Catechesis of the Good Shepherd thrives at All Saints–Sharon Chapel
Catechesis of the Good Shepherd thrives at All Saints–Sharon Chapel

CGS student

Each week children at All Saints–Sharon Chapel in Alexandria, VA, encounter Christ the Good Shepherd in presentations created by carefully trained teachers through Catechesis of the Good Shepherd (CGS). It is a Montessori-based program set in a specially prepared environment that calls children to explore the life of Christ through stories and liturgy.

The sacred space where this occurs, the atrium, is a place of prayer and celebration. Amid our busy culture the atrium remains both a place of joy and quiet contemplation. All Saints–Sharon Chapel has a full CGS program for children from 3 to 12 years of age.

The youngest children, ages 3 to 6 years, discover the heart of faith by following the church year. Older children, 6 to 12, learn about the history of the kingdom of God and their place in it. A recent weekday outreach program targets toddlers between 18- and 36-months-old and their parents. Children 7 and older are also invited to participate in an eight-week communion preparation and retreat.

On a typical Sunday morning in the atrium at All Saints, younger children may be carefully preparing cruets—filling one with water, and the other with wine—practicing the gestures and prayers of the Holy Eucharist, polishing a brass candlestick, arranging flowers, or setting a model altar. In the geography corner some may be exploring the land of Israel though puzzle maps or a model of the City of Jerusalem.

Elementary children may be using calligraphy materials to copy or trace scripture, while others are pondering the many gifts of God through samples found in creation: Hubble photos of the cosmos, rocks, minerals, flora, fauna, plants, animals, people like ourselves and the greatest gift of all—Jesus.

The oldest children may be engaged in a typology study of an Old Testament text, learning about the Jewish roots of Christian liturgy, or engaging in discussions of social justice and ways they may further the work of the kingdom of God.

At the end of each atrium session in all corners of the room, children lead prayer sessions for their group for which they have selected prayers, music, artwork, a shiny candlestick, or lovingly prepared flowers. Afterward they join the main liturgy in the church. Liturgy is emphasized to be the work of the people every week in the atrium.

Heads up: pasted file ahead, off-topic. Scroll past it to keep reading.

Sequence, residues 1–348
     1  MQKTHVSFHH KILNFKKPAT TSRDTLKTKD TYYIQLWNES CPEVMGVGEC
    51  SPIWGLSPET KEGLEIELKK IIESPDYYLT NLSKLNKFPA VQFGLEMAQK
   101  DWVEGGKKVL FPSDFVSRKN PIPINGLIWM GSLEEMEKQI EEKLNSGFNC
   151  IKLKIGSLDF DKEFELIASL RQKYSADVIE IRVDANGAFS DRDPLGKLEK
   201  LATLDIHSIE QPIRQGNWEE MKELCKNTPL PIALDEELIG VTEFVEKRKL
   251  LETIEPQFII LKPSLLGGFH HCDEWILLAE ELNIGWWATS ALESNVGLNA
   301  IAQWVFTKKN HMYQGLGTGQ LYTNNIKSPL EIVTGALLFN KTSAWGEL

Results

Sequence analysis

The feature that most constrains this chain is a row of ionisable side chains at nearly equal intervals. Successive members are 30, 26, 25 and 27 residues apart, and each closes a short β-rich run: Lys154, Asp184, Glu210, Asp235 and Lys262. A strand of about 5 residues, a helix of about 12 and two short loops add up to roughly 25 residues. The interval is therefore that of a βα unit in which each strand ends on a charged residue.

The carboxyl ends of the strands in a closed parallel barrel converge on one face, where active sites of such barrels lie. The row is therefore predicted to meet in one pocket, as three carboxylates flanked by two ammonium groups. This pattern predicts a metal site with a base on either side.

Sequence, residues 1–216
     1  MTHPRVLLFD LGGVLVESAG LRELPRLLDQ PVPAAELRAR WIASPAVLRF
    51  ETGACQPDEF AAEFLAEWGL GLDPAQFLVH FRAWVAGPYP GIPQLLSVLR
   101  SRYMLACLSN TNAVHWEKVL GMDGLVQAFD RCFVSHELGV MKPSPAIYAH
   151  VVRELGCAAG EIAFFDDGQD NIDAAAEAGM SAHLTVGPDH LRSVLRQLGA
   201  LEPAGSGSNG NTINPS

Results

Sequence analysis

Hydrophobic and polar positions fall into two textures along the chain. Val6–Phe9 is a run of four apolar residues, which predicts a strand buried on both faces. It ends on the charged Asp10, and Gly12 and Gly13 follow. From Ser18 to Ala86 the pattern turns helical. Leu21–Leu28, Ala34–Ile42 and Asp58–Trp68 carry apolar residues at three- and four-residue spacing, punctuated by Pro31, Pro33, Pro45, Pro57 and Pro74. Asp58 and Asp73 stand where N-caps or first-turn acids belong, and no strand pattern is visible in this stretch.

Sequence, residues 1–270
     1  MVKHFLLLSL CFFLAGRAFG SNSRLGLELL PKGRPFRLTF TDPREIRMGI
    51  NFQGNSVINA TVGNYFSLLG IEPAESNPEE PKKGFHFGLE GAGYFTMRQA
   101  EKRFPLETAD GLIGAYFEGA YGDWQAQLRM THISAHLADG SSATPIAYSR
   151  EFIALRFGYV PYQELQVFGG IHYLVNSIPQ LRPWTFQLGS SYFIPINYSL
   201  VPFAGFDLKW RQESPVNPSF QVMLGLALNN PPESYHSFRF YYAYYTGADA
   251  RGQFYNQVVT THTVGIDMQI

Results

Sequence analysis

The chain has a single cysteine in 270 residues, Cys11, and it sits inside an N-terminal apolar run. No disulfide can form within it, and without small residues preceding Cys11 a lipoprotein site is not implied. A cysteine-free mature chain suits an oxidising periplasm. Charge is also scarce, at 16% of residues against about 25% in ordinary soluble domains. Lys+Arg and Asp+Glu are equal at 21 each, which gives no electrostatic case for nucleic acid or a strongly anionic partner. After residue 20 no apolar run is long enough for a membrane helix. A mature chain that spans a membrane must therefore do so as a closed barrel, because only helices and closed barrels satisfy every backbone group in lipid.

Mindful of the unique personal relationship each person has with God, weekly presentations are developmentally appropriate to the age of the child. As the children grow, the presentations grow with them to emphasize the gifts of God, the unity of the kingdom of God, and their place in the plan of salvation history. Each presentation is an invitation to reflect on the liturgical or biblical text through quiet work with related materials.

Adults prepare the atrium environment, proclaim the Gospel, and work with the children to allow an exploration of the meeting of two mysteries: God and child. Teachers honor and give time and space for each child’s personal relationship with Jesus to blossom and grow.

The content and rhythm of the Catechesis program has a deep impact on the adults who journey with the children. Formation training offers adults an opportunity to explore liturgy and the Bible, and learn about the work and theories of Sofia Cavalletti, Gianna Gobbi and Maria Montessori. Training takes on a retreat atmosphere.

Among the adults, there are moments of transformation and expressions of wonder and joy that are so often seen with the children. Children and teachers learn quickly that being in the atrium together is a very special experience.

Davette Himes is Christian Education Director at All Saints Episcopal Church—Sharon Chapel in Alexandria, VA.

Don't miss a post—subscribe!

%d bloggers like this: